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The Slice: Local angles not ready for prime time

If you watch enough British TV mysteries and detective shows, it’s almost inevitable.

You will find yourself asking, why couldn’t one of these programs be set in the Spokane area?

Do our accents lack charm?

Maybe the answer is that producers have not been presented with an intriguing premise. Well, not yet anyway. Let’s see if we can remedy that.

“The Offering”: A taciturn church usher and a curious black cat at a Spokane Episcopal cathedral pass the collection plate and solve crimes on the city’s South Hill. The daily newspaper keeps trying to do a feature story on the duo but is foiled time and again.

“Farmer Roy”: A Palouse grain grower and his loyal dog Sadie keep coming across dead bodies is his fields. The local constabulary resent what they see as Roy’s interference, but he and Sadie just want to cut through the bungling and see justice done.

“Hook and Ladder”: A widowed firefighter and his stalwart Dalmatian keep discovering signs of foul play at fire scenes. But their investigative instincts often wind up taking a back seat to his daughter Willa’s tireless efforts to fix him up with divorced women from her book club.

“Getting Real”: One after another, the transplanted Californians in a lakeside Idaho city are disappearing, and only a socialist real estate agent named Spud and his pet wolf hybrid have any idea where they might be. For a time, Spud’s politics make him the prime suspect.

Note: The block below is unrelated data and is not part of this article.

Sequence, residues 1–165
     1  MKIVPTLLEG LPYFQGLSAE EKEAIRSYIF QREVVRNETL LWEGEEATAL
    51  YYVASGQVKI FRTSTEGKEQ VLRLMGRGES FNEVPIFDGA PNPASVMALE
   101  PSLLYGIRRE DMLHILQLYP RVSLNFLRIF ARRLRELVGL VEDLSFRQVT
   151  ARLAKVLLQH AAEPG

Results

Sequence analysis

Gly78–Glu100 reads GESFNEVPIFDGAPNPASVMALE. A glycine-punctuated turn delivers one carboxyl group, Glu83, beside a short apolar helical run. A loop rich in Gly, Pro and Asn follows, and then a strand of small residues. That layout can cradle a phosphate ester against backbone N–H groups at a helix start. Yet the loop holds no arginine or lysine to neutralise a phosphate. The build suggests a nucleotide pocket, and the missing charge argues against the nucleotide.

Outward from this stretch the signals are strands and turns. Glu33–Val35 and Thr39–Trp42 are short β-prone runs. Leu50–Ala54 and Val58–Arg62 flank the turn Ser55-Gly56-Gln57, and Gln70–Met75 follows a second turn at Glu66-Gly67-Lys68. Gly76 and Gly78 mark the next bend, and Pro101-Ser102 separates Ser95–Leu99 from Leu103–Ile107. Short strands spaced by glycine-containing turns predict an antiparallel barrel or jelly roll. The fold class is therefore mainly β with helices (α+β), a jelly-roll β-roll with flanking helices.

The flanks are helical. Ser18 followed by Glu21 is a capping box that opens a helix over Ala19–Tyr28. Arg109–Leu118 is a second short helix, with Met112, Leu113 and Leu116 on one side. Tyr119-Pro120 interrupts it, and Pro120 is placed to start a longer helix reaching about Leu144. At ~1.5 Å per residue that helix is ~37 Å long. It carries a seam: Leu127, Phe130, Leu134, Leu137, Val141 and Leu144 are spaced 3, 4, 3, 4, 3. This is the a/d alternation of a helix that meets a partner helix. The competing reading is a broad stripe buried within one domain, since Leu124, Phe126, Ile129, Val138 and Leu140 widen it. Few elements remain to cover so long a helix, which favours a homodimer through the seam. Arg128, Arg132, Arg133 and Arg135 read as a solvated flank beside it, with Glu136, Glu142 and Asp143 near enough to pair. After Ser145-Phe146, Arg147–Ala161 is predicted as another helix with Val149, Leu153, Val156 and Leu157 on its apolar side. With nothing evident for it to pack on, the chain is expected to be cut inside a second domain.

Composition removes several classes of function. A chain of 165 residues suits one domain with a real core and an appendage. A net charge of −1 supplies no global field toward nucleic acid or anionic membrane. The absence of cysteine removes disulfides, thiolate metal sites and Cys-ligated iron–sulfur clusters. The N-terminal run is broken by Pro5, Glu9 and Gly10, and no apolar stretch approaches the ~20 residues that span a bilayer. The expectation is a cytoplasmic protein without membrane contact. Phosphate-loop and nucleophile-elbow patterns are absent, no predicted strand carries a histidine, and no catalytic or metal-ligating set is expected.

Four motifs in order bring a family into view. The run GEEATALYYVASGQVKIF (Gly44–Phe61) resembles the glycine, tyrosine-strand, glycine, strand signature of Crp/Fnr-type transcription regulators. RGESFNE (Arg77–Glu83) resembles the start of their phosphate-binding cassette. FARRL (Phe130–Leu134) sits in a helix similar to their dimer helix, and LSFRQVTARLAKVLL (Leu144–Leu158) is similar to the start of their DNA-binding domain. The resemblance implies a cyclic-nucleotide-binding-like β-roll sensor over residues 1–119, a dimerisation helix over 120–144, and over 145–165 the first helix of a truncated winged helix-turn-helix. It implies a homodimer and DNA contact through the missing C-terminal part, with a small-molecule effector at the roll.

“Boomer’s Bluff”: A crew member on an air refueling tanker wants to know why he has a reputation as a ladies man when, in truth, he mostly stays home and watches bass fishing videos. Then he finds himself introduced to the world of online dating. And his cat, Max, develops a memorable technique for checking out the prospects.

“Cooking With Gus”: Hazel June, the headstrong and beautiful chef at a restaurant somewhere in Washington, matches wits with Gus, the handsome young owner, who doesn’t approve of her bringing her Maine Coon to work. The cat, Cuthbert, dons various disguises to evade detection and Hazel June feigns amnesia when the subject of health code violations comes up.

“Cheese It” (animated): A pair of mischievous mice named Bob and Ray scamper along the hidden corridors and passageways of a Bingville hospital, dodging the exterminators and solving medical mysteries as they go.

Today’s Slice question: How old were you in 1968? (We’re going to be hearing a lot about that year in the next 12 months.)

Write The Slice at P. O. Box 2160, Spokane, WA 99210; call (509) 459-5470; email pault@spokesman.com. Are you OK with the GEG airport code?


 
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